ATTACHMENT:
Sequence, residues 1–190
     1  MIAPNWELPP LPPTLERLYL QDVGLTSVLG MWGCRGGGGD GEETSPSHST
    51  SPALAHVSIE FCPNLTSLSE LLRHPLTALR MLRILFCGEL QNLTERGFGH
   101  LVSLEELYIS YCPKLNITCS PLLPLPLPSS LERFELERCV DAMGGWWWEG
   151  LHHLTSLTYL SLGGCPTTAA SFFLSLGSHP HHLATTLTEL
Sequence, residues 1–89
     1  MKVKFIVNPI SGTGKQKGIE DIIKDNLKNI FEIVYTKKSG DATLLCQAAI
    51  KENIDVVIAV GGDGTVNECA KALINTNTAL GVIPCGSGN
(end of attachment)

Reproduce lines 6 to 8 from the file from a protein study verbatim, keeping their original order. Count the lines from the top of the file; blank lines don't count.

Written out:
Sequence, residues 1–89
     1  MKVKFIVNPI SGTGKQKGIE DIIKDNLKNI FEIVYTKKSG DATLLCQAAI
    51  KENIDVVIAV GGDGTVNECA KALINTNTAL GVIPCGSGN